Academic Advising Philosophy

Professor speaks to his class in language lab, CAS
Professor Scott Hartley, wearing protective glasses, talks with students in the lab, CAS

To advance the goals and outcomes articulated above, Miami University academic advisors follow a shared philosophy of holistic and developmental advising which was approved by the Undergraduate Academic Advising Council in 2013. At the core of this philosophy is the concept of learner-centered advising:

In learner-centered advising, the advisor sees every opportunity for the student make a choice as a learning opportunity and assists students in steadily gaining ownership over their college experience. The learning process encompasses students’ cognitive, interpersonal and intrapersonal development.

Being learner-centered is different from being student-centered: "Being student-centered implies a focus on student needs. It gives rise to the idea of education as a product, with the student as the customer" (Weimer, xvi). In contrast, "Being learner-centered focuses attention squarely on learning: what the student is learning, how the student is learning, the conditions under which the student is learning, whether the student is retaining and applying the learning, and how current learning positions the student for future learning. The student is still an important part of the equation. When instruction is learner-centered, the action focuses on what students (not advisers) are doing" (Weimer, xvi).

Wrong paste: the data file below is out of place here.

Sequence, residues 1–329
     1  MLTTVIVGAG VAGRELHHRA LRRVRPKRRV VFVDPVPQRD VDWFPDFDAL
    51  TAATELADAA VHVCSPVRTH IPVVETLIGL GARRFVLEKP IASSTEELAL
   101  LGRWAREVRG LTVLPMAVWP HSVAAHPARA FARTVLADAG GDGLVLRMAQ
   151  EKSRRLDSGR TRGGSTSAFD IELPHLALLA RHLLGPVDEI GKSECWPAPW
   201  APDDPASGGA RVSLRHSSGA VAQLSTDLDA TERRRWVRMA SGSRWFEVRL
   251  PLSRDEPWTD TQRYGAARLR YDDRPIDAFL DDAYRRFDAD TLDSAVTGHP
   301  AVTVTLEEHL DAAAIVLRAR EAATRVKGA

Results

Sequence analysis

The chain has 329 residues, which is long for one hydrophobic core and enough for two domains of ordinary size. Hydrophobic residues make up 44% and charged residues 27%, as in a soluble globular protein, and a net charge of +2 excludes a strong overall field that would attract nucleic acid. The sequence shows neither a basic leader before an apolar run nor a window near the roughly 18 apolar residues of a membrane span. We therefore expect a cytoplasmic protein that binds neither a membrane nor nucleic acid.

In this approach, advisors and academic support professionals teach students and assist in their purposeful, holistic, and intentional growth. Through conversation and dialogue, they teach students to value the learning process, apply decision-making strategies, put the college experience into perspective, set priorities and evaluate events, develop thinking and learning skills, gain personal and intellectual maturity, and make informed choices.

To best support this learning process advisors and other academic support professionals at Miami University partner purposefully across the university.

Key Assessment Measures

Miami University embraces assessment of academic advising at both the divisional and institutional level. The following measures indicate the effectiveness of academic advising and provide data for the continuous improvement of advising processes. 


  • First-to-Second-Year Retention and Six-Year Graduation Rates

  • Student and Advisor Surveys

  • Advising-Related Questions on the National Survey of Student Engagement

  • Standard Advisor-Advisee Ratios